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Will Renewable Biofuel Help "Redeem" Clean Energy Fuels?

By Jason Hall - Feb 10, 2016 at 10:06PM

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The natural gas for transportation leader has been an awful investment, but has shown steady growth in fuel sales, led by renewable natural gas.

Santa Monica's Big Blue Bus runs on Clean Energy's Redeem biofuel. Source: Clean Energy Fuels.

Clean Energy Fuels Corp. (CLNE -2.20%) has dealt with the collapse in oil and gas prices much better than anyone could have expected, but one look at the stock price would have you believe that the company is on the ropes:

CLNE Chart

CLNE data by YCharts

But while its stock has been more like a roller coaster over the past 20 months, the company has actually produced steady growth, at least based on key measures of profitability, and selling more gallons of fuel. But Clean Energy is still short of profitability, and the threat of low gas and diesel prices slowing growth has created uncertainty in the investor community.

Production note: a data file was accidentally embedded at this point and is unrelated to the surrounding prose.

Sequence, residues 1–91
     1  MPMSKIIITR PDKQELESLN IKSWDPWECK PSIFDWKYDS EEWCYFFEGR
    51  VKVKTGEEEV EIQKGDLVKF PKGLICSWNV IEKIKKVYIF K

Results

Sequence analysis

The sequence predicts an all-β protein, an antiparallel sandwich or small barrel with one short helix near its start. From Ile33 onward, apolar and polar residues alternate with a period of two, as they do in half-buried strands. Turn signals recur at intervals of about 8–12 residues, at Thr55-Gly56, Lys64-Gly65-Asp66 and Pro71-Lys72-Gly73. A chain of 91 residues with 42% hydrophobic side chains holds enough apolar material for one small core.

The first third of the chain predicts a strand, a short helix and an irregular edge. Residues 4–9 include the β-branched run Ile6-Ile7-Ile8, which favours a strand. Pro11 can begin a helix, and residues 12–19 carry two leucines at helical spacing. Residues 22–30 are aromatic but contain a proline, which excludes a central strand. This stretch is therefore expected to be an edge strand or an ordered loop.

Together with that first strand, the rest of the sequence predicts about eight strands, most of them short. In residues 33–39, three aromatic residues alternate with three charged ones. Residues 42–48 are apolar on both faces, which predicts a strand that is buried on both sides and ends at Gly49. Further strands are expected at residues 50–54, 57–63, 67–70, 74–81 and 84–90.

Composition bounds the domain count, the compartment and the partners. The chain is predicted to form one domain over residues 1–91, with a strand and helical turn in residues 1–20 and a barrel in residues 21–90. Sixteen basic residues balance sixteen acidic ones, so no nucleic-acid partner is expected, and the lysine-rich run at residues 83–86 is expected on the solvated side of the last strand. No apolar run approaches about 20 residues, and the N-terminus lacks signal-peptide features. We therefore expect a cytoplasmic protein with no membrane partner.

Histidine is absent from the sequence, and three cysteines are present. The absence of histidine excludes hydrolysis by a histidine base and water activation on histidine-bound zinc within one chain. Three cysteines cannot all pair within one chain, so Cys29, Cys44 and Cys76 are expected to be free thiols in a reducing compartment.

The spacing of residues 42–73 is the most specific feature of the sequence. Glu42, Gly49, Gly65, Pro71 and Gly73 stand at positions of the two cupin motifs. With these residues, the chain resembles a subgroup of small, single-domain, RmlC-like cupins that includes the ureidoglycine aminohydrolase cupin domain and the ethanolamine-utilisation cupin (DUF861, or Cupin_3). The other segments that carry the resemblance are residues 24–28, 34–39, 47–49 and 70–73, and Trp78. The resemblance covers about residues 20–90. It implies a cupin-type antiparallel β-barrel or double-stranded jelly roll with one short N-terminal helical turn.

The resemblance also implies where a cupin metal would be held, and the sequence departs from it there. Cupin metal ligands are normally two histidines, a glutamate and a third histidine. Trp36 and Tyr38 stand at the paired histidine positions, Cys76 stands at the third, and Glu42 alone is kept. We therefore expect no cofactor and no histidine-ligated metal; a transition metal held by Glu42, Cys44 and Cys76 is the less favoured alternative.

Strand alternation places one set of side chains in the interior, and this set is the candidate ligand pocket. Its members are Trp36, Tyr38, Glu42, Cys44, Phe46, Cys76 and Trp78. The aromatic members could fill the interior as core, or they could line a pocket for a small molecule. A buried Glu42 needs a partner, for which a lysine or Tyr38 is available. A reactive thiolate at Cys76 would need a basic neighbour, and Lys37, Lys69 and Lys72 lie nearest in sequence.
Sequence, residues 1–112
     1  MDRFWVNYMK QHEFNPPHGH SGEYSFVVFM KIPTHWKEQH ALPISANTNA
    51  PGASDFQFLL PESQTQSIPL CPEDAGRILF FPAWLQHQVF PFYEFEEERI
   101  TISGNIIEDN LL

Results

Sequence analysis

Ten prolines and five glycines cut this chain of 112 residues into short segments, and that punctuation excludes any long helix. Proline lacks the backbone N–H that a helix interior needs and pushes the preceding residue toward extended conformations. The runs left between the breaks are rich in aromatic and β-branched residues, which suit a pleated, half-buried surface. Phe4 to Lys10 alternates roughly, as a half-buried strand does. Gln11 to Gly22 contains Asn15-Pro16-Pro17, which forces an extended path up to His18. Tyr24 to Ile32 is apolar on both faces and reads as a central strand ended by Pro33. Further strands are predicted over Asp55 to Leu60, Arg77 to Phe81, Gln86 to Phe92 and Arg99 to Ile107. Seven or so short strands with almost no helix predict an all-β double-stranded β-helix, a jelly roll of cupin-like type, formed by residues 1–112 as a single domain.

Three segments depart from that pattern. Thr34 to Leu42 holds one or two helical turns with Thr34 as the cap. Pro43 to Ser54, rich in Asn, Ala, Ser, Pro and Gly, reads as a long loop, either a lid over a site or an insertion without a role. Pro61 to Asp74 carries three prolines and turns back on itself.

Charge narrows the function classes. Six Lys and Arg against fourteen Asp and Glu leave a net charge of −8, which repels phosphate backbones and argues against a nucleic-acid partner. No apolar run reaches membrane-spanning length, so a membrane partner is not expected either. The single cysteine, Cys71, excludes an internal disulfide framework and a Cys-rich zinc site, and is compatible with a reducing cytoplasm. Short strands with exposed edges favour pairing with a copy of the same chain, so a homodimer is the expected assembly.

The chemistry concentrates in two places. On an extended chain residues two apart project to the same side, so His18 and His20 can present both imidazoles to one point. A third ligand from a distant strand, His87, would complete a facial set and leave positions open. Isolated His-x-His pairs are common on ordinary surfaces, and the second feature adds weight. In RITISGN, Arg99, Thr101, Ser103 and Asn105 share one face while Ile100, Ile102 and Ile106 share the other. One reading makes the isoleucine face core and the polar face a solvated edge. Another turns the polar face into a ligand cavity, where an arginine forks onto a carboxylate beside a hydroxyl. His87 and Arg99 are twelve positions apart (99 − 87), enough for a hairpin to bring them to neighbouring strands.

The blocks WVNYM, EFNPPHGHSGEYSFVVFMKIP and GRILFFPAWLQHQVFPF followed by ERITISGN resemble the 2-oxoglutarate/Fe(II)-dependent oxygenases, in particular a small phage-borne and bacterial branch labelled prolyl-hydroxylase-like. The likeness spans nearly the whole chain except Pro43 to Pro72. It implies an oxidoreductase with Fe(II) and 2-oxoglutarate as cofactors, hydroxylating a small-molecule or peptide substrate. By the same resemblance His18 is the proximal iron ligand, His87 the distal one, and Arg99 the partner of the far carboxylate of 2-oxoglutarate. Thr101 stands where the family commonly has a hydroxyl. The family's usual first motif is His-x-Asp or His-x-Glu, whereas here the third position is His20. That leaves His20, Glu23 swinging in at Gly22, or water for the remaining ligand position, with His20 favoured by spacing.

Can the company's renewable natural gas, which it sells under the brand name Redeem, continue to drive growth even in the current environment? I think it can, but there's  more to like than just Redeem. Let's talk about why. 

What's causing Clean Energy's struggles
About five years ago, Clean Energy fuels began taking on significant debt, in an aggressive move to fund expansion for the next big thing: wide-scale adoption of natural gas for transportation, particularly trucking. 

The company partnered with Pilot/Flying J, the largest diesel seller and truck stop operator in the U.S. and has built around 100 natural gas stations at that company's truck stops along major shipping corridors. 

Unfortunately, adoption of natural gas engines from heavy trucking has been much slower than expected, and largely for reasons outside of Clean Energy's control. First, heavy-duty engine maker Cummins (NYSE: CMI) and joint venture partner and natural gas injection expert Westport Innovations (NASDAQ: WPRT) were more than a year later than expected bringing their 12 liter heavy-duty natural gas engine to the market. Second, oil prices plummeted.